Cell Seattle’s Trevor Duncan on Growth Through Recycling
The upstart Washington-based e-waste recycling program continues to spread its recycling mission by adding new recycling centers and initiatives.
Cell Seattle is a small electronics recycling company that was formed in 2011 to raise awareness about the environmental impacts of cell phone usage. We have created a sustainable vehicle for mobile phone recycling in the Pacific Northwest and beyond.
Our passion lies in reducing harmful landfill waste by returning perfectly reusable cell phones and electronics into the hands of end users. We are proud members of the Renton, WA, and Newcastle, WA, chambers of commerce.
Since our last guest blog for 1-800-RECYCLING, Cell Seattle has been busy carrying out its mission by responsibly recycling more than 400 used cell phones and electronic devices. In total, more than 100 pounds of e-waste has been successfully collected and diverted from landfills.
We are also pleased to report that our partnership network has expanded to include nine new drop-off locations, with 12 total now within the U.S. One location is more than halfway across the country from our Seattle base in Pekin, IL. This partner, Appliance Depot, specializes in reducing waste by refurbishing old washers, dryers and refrigerators for resale. As partners, we are proving to be a great team when it comes to recycling otherwise discarded household items.
As thrilling as it is to be expanding beyond state lines, Cell Seattle has continued to focus on sustainability efforts in our own back yard — volunteering time each month to assist local civic groups and contributing to such projects as tree planting, trail restoration and trash pick-ups.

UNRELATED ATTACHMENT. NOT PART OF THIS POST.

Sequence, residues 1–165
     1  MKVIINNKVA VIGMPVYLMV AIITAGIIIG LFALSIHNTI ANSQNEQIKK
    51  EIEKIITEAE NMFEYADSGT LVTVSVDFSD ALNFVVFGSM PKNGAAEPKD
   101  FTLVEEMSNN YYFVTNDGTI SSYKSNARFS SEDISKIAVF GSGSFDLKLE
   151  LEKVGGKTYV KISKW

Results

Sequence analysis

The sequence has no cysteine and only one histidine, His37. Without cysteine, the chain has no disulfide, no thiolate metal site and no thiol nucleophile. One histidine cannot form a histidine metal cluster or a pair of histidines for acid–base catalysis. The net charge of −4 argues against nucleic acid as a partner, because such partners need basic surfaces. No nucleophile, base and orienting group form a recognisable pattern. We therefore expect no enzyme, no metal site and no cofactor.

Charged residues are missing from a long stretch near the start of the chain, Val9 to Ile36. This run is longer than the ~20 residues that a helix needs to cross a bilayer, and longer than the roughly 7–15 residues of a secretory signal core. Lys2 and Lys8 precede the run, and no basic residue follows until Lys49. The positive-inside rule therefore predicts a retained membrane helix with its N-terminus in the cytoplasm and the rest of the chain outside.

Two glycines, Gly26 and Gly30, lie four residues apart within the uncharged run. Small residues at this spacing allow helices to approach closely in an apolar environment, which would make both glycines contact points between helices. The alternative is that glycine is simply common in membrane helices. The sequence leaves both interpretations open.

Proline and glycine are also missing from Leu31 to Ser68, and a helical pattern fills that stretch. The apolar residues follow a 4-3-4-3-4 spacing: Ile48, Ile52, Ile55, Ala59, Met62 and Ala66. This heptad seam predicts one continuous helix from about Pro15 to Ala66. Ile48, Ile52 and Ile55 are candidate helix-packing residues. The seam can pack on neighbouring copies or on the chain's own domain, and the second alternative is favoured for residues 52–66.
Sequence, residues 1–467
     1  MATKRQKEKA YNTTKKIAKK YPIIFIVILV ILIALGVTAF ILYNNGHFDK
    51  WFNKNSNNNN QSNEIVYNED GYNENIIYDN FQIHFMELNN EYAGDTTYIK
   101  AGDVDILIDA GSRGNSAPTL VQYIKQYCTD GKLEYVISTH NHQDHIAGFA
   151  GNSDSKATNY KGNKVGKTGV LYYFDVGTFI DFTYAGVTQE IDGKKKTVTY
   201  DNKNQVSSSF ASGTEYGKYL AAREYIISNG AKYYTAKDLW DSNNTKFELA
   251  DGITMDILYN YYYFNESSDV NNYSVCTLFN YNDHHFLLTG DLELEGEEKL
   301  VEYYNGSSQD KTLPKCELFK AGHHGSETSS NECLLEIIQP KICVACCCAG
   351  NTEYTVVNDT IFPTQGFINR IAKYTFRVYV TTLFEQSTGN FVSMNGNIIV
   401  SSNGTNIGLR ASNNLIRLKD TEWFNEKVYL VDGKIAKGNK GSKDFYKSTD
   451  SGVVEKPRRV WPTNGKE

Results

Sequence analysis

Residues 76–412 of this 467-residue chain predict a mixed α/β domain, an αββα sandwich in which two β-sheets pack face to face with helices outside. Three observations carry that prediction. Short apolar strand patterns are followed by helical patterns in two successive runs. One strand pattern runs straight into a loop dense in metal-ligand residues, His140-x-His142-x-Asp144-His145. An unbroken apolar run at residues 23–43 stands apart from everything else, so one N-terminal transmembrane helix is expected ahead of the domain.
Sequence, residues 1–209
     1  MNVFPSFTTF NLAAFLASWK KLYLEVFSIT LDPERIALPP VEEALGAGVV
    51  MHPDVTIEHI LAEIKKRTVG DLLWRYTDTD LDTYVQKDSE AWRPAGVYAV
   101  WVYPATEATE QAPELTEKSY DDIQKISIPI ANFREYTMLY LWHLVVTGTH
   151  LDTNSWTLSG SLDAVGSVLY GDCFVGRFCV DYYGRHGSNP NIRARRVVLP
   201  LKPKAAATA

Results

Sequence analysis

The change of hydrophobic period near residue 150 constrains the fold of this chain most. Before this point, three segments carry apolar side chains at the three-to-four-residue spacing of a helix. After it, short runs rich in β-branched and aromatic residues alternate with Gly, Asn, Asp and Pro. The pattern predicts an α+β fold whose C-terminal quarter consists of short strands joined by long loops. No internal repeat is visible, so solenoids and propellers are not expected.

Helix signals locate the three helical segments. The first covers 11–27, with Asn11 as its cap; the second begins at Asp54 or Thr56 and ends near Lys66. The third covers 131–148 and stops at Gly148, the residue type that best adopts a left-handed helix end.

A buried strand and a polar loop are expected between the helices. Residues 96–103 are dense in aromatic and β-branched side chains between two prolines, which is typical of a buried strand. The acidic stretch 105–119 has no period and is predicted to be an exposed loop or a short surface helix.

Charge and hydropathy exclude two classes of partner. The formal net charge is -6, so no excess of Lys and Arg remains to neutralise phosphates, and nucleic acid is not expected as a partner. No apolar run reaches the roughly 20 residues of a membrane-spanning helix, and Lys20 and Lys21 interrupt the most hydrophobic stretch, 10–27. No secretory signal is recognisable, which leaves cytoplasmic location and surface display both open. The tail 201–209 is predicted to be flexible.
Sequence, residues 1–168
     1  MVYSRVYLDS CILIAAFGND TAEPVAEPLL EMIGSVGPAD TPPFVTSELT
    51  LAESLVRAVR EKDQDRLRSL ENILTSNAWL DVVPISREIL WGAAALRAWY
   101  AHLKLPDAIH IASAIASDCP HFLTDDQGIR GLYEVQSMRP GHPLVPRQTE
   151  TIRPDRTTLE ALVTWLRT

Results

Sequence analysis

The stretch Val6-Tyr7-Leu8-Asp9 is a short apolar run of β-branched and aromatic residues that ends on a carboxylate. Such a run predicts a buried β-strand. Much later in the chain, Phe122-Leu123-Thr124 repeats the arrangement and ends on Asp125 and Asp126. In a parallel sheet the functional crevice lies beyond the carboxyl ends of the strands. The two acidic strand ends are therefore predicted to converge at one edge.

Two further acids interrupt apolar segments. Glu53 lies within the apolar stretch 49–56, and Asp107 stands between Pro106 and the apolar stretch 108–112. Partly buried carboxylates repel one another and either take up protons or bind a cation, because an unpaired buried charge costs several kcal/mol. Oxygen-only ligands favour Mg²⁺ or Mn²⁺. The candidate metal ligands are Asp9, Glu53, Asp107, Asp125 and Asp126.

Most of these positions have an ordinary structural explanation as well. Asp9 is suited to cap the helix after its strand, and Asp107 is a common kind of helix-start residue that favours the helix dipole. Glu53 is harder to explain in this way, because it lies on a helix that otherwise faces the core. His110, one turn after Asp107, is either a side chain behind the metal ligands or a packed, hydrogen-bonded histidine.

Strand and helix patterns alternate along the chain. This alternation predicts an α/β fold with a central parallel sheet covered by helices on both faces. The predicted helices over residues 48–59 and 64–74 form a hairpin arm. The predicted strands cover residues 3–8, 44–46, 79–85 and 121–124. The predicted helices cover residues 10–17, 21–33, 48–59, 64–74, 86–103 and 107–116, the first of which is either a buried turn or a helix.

Cell Seattle participated in its first community-wide electronic recycling drive at the Cascade Neighborhood Association’s Dumpster Days, this past June 9 and 10, in Renton. The event exceeded our expectations! We planned to be open and accepting trash and electronics from 9 to 5 both days, however, by 1:30 p.m. on the first day, the dumpsters were full.
Unfortunately, we did not anticipate having to turn people away, but we are happy to report that 50 cubic yards of household garbage was discarded along with about 20 pounds of electronics diverted from landfills. We definitely picked up some best practices for the second event in 2013.
Homeless in Seattle
Helping to link these otherwise discarded resources to persons in need and those without shelter has also been at the heart of Cell Seattle’s vision. In tandem with the Homeless in Seattle community, Cell Seattle is currently handing out phones to area citizens and families. Through public donations of used cell phones and accessories, funds are generated to provide prepaid phones topped off with minutes.
This program has enabled personal communication links that likely would not have existed otherwise. The gratitude expressed from citizens benefiting from donations is infectious and has bolstered the continuing efforts on their behalf.
One last exciting development has been an initiative to keep an easily overlooked form of plastic out of landfills. My fiancée, Katie, a graphic artist, discovered that when emptied, spent Keurig “K-cups” make excellent containers for starting seedlings. Once used for their intended purpose, the plastic cups can be repurposed indefinitely for urban gardening. The emptied grounds also make a great addition to any compost pile.
When both the cups and the contents are reused, there truly is no waste! Just think about how quickly those tiny containers pile up in the trash heap when tossed out. Now multiply that amount by the number of consumers currently using a Keurig. Pretty astonishing, isn’t it? The logistics are still being determined, but our company plans to work with nurseries and greenhouses (maybe even Keurig itself) to promote this idea. In the meantime, we encourage readers to reuse their K-cups at home.
If you can’t imagine finding the time or energy to do all the steps yourself, but want to make sure your cups are recycled, contact Cell Seattle to start an outreach effort in your area!
Trevor Duncan is the founder of Cell Seattle. For more information on the program, email him or phone him at 425.233.2185. Visit the Cell Seattle blog for the latest information.